Do you think that that is in any way a problem?

Personally, I noticed the same and feel that such somewhat claims fluther, since my impression is every non-American adds the relevant cultural/national setting to it. Not in any way a serious problem, however.

mattbrowne's avatar

@whitenoise – A small problem, maybe. Nothing serious. There is a world out there beyond the borders of the United States. Most Americans have never traveled to a foreign country, but we have to admit this is much easier for Europeans. Drive for 300 km and you can experience a different culture. A different language. A different way of life. If you live in Kansas 300 km might get you to Colorado, Nebraska, Missouri, Oklahoma and a few other states. The web is a great opportunity to explore the world virtually and learn about views from other countries and cultures.

Darwin's avatar

@mattbrowne – What makes you think the culture in Kansas and Colorado is the same? Or try California and Utah, for example? Yes, we do tend to speak a similar language, but sometimes state cultures and ways of life vary hugely.

And now that you guys have the Euro, the currency deal is the same so you can’t say you are better at doing conversions.

whitenoise's avatar

Well we still have to converse most of our words into another language, but you make a fair point though. There is a lot of difference between the people on the coasts, for instance and those in Kansas.

But – with all respect!!!!- I do understand what Matt Brown is saying. You can travel from one state to another and you don’t have to adjust yourselves so much. When I leave my home, I cannot go further than 120 kilometers (70 miles?) and I need to speak another language, face different road layouts, eat different food, use different phone companies, power plugs, faucets, travel wrong side of the road, etc…

Besides much of our infrastructure is old and countries are drenched into a certain feel that stems from a thousand years of differences between countries that now don’t even exist anymore.

btw thank you for not saying euro dollar, like many people in the US still do

And now that you mention it…
Is a German Euro truly the same as a French Euro?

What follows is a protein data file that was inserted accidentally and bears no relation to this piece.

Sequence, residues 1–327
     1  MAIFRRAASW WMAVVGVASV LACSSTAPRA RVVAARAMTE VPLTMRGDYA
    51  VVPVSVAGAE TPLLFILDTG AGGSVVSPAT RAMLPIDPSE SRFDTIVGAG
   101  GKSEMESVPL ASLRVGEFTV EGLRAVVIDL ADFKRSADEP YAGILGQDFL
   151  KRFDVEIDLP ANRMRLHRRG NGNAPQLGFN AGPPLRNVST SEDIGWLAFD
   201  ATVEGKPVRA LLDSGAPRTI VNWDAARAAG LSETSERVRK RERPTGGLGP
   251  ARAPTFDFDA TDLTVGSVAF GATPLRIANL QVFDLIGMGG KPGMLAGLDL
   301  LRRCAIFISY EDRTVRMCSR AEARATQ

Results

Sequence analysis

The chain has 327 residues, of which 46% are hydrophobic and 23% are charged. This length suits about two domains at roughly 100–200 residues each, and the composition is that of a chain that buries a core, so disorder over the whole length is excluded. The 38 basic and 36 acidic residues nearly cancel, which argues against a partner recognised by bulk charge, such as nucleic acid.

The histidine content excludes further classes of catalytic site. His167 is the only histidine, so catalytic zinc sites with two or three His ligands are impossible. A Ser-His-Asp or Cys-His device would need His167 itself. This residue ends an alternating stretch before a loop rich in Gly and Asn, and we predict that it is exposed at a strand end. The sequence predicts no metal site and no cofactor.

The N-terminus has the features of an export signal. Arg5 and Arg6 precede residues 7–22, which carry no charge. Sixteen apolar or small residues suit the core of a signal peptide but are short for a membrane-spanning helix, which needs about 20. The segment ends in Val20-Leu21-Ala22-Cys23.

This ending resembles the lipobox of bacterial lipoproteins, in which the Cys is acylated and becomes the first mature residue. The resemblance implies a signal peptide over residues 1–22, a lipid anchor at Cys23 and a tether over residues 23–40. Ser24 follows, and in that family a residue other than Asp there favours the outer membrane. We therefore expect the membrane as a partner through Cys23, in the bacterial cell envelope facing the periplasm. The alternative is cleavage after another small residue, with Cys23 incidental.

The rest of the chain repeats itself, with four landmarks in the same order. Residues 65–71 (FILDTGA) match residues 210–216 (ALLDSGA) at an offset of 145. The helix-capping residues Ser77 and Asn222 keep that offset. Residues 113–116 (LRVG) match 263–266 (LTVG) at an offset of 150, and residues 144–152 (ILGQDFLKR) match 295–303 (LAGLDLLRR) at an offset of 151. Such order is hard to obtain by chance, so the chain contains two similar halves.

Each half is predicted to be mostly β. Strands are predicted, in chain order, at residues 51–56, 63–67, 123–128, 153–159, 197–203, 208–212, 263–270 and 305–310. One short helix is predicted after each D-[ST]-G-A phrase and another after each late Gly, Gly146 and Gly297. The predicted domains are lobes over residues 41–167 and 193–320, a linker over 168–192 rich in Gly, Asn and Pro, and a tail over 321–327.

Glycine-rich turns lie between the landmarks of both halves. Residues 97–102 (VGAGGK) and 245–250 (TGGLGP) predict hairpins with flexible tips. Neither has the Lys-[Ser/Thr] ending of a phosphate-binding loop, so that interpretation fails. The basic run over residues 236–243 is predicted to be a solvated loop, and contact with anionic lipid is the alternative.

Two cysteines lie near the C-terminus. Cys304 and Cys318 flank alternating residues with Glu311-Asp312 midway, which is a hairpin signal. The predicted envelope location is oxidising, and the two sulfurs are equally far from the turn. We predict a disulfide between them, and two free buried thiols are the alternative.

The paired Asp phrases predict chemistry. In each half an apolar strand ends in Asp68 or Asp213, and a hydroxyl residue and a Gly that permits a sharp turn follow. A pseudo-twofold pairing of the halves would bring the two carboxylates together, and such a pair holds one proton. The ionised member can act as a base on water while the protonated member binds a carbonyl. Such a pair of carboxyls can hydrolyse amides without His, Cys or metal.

Wow… you just made my life a lot easier! ;-)

Darwin's avatar

@whitenoise : My bank thinks all Euros are the same when I have to get some to buy something overseas. But then my bank actually was surprised that Britain still uses pounds. They are a Mexican bank so who knows what’s up with them. They seem to understand pesos and dollars just fine, though.

And you only have to travel on the wrong side of the road if you go to or from Britain (which side is wrong depends on your perspective).

And sadly, McDonald’s is pretty much world-wide, if you are concerned about different food. And food in the US does vary from region to region. How often do folks from New Hampshire eat grits for example? Or folks from Montana eat scrapple?

LexWordsmith's avatar

My first experience eating grits was as a freshman at MIT.

LexWordsmith's avatar

Scots in Montana know (s)crapple as “peeled haggis.” {OK, just kidding!}

Darwin's avatar

@LexWordsmith – Good! Because scrapple has nothing to do with sheep.

whitenoise's avatar

Countries and nationality are nonsense anyway in the long term perspectie. All there is, is land and life. A boundary where people fight and die for today may (will) be gone in five hundred years.

Just ate Haggis last week, in Scotland. Lurve to you all on this thread. I just love the way fluther crosses boundaries.

mattbrowne's avatar

@Darwin – Yes, of course there are (cultural) differences between the people in Colorado and Kansas. Or California for that matter. We can find this even within one state. I’ve been to over 40 states in the US both as a business traveler and tourist. I’ve also traveled to most European countries and my perception is: there are far more cultural differences in Europe. This is both a strength and a challenge.

My point was that we should be sympathetic when Flutherites post americentric questions or comments. Flutherites from other continents are free to add different view points.

Vincentt's avatar

@dannyc I think nationality is anything but irrelevant here. As has been said – and I found this quite interesting as I never considered this – it is far more difficult for Americans to experience really different cultures. Thus, it is great that people with a different nationality can give those guys some insight into their cultures here on Fluther.